Why we are choosing to slow down and not pivot online


As the Covid-19 crisis has escalated, much of our world has increasingly shifted online. Although our organization, Black Mountain Circle, exists online, we haven’t previously invested a lot of energy into building that presence. Our entire organization is, in fact, based around gathering people together. This meant that when the pandemic hit, we were faced with a choice that many organizations and small businesses had to grapple with: “Do we pivot online… or not?” 

The idea of pivoting online is not new; in the digital age, most have strategically made that leap. It seems irresponsible in some ways not to, and yet here we were, an organization that had some technological infrastructure and no clear path toward economical longevity without transitioning online. The answer seemed obvious. Go online. 

In the first week of the shelter-in-place order it was more than alluring. The internet is the only place any of us were allowed to be. At first, the thinking was over-simplified: Now that many people don’t have work, they will have time that will need to be filled. We mulled over taking some of our in-person spring events and turning them into webinars. We thought, “Our network needs to hear a response from us.” Didn’t we owe them that? We had a dedicated community after all, and wanted to show up for them. 

It became apparent though that our community, although homegrown and geographically specific, was being pulled in every direction, as were we. Even though the chaos had yet to settle around the major transitions, including the emotional and psychological impacts of going through a global crisis, we were already being asked to respond. We noted this, realizing that not only were people emotionally full, but also that our small nonprofit had suddenly entered the global online market. Our organization was now vying for screen time with every yoga studio, restaurant, place of prayer and even our local government.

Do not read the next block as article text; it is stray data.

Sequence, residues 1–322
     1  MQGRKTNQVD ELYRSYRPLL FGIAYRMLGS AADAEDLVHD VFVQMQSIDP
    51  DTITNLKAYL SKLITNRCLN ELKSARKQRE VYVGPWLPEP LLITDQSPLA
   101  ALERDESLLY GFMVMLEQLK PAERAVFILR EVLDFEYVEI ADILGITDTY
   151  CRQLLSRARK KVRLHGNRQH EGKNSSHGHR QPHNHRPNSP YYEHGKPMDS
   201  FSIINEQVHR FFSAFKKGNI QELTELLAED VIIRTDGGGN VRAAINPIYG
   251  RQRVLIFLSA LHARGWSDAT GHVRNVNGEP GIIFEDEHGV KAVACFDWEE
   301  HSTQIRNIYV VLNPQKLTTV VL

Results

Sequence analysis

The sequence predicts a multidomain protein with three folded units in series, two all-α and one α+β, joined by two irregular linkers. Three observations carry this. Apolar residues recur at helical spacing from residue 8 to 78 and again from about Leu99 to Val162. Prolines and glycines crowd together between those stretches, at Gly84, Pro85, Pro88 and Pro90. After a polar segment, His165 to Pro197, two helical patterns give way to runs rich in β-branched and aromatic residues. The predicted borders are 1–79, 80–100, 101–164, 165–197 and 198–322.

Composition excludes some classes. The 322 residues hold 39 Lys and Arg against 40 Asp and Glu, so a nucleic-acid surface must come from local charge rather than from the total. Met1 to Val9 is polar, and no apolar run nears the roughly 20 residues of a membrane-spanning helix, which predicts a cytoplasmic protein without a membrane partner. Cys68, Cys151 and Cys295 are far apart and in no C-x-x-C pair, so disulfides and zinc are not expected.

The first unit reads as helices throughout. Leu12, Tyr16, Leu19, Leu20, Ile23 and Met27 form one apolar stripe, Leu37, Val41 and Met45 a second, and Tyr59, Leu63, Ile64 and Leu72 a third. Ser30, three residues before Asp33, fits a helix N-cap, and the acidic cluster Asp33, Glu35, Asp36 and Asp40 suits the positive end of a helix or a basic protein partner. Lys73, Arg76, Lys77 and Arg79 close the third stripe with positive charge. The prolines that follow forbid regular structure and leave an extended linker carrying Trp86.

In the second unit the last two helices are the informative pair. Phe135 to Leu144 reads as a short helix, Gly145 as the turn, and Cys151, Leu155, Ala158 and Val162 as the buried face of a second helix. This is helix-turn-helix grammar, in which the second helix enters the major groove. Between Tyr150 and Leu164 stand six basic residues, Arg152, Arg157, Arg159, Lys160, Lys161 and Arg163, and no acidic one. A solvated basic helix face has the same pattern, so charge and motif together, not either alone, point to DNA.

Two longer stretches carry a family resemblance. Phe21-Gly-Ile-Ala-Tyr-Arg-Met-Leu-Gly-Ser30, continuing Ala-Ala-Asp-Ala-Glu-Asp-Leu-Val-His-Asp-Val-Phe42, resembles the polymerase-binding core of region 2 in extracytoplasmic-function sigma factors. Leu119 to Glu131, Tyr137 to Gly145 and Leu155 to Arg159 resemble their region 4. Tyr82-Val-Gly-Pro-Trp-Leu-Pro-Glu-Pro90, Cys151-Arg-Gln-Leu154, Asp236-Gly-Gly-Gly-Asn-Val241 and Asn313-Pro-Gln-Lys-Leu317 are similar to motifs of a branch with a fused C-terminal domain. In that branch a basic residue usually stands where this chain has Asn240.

The myth of our time-impoverished society being granted “more time” because of shelter-in-place was wearing thin. Here we were being duped back into the story that a life integrated with technology equals more time. Our small staff started having hard conversations in which we borrowed the language of “essential and non-essential.” If we shifted online, we could in many ways mimic the idea of being essential, but were we really? Did we warrant another ask to keep someone at their screen? 

Now seems like a good moment to share a little about the work and mission to which we remain dedicated. 

Black Mountain Circle, founded by Steve Costa and Kate Levinson in 2015, believes that powerful stories, strong community and connection to nature and spirit can help us reclaim our relationship to earth and to each other. Our living dedication is one of uplifting and sharing the work of those who are providing language to this moment of the Great Unraveling as described by Joanna Macy. In more than one way, our mission and work is ripe for this moment. Might we remain essential and out on the public market? When we turned to our organizational values, though, the answer was not as clear. In order for the type of deep connection we aim to bring to our four pillars—story, community, nature and spirit—people need time and spaciousness. As the Nap Ministry has stated, “The current moment actually calls for silence but we are too addicted to technology for this truth.”

We arrived at the conclusion that our work and energy would be better utilized in supporting the building of what it is to follow this moment of response. As part of this, we realized that our organization also needs time and space. That if we are to actually deem ourselves essential beyond the pandemic that we will need to first rest, dream and then pivot—and not from in-person to screen, but on a foundational level. 

We need less. Our spirits need less. These values of time and spaciousness had become, in part, lost for us in our need to produce—and, in all honesty, compete. The economic shutdown is devastating, yet we can’t help but be curious about what this moment is really asking of all of us. Is it asking us to create more content? Is it asking us as a society to integrate completely online? Is it asking us to keep things running at all costs? The birth of the world so many of us have been asking for is here, alongside the death howls of business-as-usual. We will need to be steadfast in continuing to usher old models out while caretaking those who are most vulnerable, all while enacting and building the world we wish to see. This might be the task of our lifetime and beyond. 

Although the challenges ahead will continue to be unveiled, our biggest obstacle yet might be taking the time to pause, quiet, and reimagine our new world, and that which is truly needed now.


Kailea Frederick is a co-director of Black Mountain Circle, an editor of Loam magazine and a climate commissioner for the City of Petaluma, where she lives.